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Whose “Big Lie”? Trump’s proclamation of a new litmus test for the GOP



WASHINGTON (AP) – Donald Trump and his supporters are stepping up efforts to embarrass – and potentially remove – members of their party who consider themselves disloyal to the former president and his false allegations that last year’s election was stolen from him.

On Capitol Hill, Wyoming’s Liz Cheney, Republican No. 3 in the House, risks losing her leadership position amid a growing public debate with Trump. In Utah, Sen. Mitt Romney, a rare enemy of Trump in the Republican Party, faced humiliation over the weekend to remind the crowd that he had once been their presidential flag bearer. And in Texas, the only openly anti-Trump Republican in the crowded congressional special election ended in a low 9th place.

Trump left office nearly four months ago with his reputation badly damaged after a mob of his supporters staged a deadly riot in the US Capitol to prevent the election results from being verified. But recent events suggest a revival of his political destiny, in which those who refuse to accept his lies find themselves in defense.

“It̵

7;s scary,” said Michael Wood, a Republican congressman from the Republican Party who based his campaign on a vow to push the CSO past the “cult of personality” that Trump ultimately garnered. on Saturday, while two Trump supporters, including one he approved, will continue until the runoff.

Trump’s grip on the party can only be tightened in the coming days.

In addition to his excitement from press releases, his powerful Facebook account could be restored this week if a quasi-independent supervisory board rules in his favor. Meanwhile, Republicans in Virginia will decide whether to nominate a vocal supporter of Trump as governor in one of the few tent elections on the calendar this year.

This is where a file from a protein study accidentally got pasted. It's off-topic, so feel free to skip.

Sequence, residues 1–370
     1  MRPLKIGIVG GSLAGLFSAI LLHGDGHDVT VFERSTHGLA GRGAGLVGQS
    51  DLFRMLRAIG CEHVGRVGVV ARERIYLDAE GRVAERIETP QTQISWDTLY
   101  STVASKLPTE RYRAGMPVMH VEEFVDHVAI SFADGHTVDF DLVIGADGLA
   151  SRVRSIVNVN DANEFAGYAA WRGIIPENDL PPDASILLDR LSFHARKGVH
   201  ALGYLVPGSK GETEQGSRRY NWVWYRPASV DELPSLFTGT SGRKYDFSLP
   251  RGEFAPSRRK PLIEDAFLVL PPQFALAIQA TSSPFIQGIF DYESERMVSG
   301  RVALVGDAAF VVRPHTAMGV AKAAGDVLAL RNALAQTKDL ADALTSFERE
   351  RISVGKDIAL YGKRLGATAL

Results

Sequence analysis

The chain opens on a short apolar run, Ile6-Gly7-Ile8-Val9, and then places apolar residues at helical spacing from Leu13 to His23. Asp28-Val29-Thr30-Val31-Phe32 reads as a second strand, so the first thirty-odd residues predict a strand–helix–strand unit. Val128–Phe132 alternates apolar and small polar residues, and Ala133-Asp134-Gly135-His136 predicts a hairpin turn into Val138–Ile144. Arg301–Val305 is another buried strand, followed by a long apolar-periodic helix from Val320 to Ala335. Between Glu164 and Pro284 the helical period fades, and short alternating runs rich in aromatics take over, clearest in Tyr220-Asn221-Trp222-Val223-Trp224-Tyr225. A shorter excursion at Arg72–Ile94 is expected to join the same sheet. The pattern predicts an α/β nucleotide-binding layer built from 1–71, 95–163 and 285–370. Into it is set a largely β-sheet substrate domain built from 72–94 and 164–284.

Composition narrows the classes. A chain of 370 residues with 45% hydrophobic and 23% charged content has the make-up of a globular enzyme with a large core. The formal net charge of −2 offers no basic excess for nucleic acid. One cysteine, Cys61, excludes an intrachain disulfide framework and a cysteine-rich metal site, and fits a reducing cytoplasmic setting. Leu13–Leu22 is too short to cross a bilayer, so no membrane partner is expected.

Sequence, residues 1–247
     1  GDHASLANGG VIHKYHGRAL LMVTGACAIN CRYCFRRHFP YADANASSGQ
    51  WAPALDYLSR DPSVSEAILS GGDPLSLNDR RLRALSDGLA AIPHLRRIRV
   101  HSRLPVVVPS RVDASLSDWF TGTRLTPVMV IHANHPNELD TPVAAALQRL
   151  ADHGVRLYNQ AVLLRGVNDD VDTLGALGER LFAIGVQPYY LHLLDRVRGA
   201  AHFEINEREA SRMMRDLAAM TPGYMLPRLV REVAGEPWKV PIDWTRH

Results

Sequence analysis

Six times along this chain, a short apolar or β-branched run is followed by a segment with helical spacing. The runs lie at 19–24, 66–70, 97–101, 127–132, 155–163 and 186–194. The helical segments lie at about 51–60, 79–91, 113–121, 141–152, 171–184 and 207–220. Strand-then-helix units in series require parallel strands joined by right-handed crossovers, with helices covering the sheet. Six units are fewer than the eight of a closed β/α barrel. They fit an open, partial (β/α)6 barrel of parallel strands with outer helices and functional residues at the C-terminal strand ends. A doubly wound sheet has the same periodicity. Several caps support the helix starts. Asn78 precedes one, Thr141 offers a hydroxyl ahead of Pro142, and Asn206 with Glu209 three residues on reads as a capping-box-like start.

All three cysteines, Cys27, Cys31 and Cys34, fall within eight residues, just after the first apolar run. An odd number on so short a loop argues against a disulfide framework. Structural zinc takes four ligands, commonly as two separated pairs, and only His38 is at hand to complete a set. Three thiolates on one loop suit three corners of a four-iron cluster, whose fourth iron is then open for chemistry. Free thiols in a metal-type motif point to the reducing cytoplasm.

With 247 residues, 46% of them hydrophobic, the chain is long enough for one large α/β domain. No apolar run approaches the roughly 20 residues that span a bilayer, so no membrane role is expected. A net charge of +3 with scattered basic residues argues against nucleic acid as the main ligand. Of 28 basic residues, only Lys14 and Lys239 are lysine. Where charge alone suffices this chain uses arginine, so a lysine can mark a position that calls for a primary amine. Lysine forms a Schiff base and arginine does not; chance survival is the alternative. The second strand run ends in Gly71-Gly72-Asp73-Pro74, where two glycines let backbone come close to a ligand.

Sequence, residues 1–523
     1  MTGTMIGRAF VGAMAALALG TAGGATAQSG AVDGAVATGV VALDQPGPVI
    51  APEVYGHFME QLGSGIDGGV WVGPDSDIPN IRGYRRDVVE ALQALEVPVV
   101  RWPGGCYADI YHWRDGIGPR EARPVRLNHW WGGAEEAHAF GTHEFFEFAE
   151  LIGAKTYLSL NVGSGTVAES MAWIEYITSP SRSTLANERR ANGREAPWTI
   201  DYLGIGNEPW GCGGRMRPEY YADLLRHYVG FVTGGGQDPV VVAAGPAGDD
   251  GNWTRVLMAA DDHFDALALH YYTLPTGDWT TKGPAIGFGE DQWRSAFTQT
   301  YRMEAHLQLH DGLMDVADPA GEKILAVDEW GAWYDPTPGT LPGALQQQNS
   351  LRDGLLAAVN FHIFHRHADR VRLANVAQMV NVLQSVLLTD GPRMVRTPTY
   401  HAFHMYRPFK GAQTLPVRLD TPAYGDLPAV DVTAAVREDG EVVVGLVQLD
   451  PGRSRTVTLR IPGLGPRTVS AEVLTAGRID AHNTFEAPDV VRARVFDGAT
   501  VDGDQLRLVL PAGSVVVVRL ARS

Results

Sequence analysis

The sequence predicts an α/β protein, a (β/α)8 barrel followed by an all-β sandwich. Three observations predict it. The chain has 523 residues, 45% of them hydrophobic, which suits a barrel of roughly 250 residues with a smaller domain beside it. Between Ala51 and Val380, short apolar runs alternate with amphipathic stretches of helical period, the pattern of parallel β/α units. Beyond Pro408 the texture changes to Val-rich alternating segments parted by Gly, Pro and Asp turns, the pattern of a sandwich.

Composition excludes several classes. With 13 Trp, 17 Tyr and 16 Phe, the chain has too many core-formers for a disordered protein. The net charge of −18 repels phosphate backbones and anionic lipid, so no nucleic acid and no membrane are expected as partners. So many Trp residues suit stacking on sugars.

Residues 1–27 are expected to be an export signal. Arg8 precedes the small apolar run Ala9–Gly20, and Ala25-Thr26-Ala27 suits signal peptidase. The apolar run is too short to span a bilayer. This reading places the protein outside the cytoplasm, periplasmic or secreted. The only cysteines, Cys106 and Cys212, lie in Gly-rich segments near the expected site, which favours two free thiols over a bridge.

An important signal of the party’s direction may come to Capitol Hill, where Cheney’s future is in question.

The Wyoming congresswoman, the oldest Republican who called for Trump’s impeachment, insisted that the party must reject the former president’s lie that the election was somehow stolen. There is no evidence to support Trump’s allegations of mass voter fraud and numerous audits, Republican election officials and Trump’s own prosecutor said the election was fair.

But Trump is sticking to his story and issuing a “proclamation” on Monday, trying to choose the language his enemies use to mark his lies.

“From this day on, the fraudulent presidential election in 2020 will be known as the BIG LIE!” He wrote.

Cheney, who herself did not rule out an escape in 2024, shot.

“The 2020 presidential election was not stolen. “Anyone who claims to have been is spreading the BIG LIE, turning his back on the rule of law and poisoning our democratic system,” she tweeted.

Apparently, she does not intend to reduce her criticism, although she faces the possibility of losing her leadership position.

Cheney survived an earlier attempt to remove her from the lead, but this time it may be different. GOP leader Kevin McCarthy stood by her earlier this year, but he refused to protect her from the latest round of attacks as he clashed with conservatives unhappy with her removal. This is a sign of McCarthy’s own calculations as he works to stay close to Trump while trying to expand a wider tent to help his party win a general election.